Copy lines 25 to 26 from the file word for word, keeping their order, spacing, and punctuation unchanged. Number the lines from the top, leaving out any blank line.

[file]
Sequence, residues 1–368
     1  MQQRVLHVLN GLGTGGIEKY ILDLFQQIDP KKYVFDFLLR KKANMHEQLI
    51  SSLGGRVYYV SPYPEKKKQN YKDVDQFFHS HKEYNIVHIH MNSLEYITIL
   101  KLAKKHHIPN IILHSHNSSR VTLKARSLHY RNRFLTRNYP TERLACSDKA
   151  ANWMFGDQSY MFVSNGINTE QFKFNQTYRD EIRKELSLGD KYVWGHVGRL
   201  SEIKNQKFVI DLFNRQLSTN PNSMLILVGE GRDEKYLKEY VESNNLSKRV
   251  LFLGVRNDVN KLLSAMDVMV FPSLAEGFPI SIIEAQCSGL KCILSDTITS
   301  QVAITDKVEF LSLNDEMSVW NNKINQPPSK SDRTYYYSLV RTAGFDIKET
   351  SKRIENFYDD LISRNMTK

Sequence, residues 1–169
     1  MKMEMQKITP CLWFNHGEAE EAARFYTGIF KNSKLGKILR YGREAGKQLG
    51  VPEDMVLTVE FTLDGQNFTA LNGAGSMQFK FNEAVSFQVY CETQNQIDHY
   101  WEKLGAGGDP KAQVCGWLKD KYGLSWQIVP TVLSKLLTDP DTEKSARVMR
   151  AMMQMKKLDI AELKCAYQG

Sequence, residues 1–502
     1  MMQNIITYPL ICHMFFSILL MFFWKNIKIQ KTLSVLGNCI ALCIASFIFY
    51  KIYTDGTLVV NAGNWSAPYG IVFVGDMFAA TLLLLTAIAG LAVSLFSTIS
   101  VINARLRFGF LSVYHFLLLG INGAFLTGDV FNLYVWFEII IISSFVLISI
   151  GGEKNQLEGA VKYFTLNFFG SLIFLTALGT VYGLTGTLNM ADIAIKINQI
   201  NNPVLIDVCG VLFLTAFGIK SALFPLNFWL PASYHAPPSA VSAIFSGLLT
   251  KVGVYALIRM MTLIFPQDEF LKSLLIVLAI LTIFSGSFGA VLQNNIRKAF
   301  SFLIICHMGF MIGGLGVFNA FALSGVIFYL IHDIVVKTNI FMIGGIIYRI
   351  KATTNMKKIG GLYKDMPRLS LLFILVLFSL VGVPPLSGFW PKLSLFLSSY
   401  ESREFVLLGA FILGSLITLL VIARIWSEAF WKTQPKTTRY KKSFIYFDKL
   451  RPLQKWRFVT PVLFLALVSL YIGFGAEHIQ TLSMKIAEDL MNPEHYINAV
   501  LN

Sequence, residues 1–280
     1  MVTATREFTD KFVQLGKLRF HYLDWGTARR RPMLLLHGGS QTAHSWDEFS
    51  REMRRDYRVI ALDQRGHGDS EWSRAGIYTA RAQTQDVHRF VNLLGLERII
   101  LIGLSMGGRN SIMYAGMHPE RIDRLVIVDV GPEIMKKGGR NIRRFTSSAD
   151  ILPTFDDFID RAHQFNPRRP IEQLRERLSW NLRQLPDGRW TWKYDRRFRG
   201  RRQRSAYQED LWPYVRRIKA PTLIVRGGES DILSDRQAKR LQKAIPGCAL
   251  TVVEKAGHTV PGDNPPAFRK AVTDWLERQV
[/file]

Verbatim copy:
   451  RPLQKWRFVT PVLFLALVSL YIGFGAEHIQ TLSMKIAEDL MNPEHYINAV
   501  LN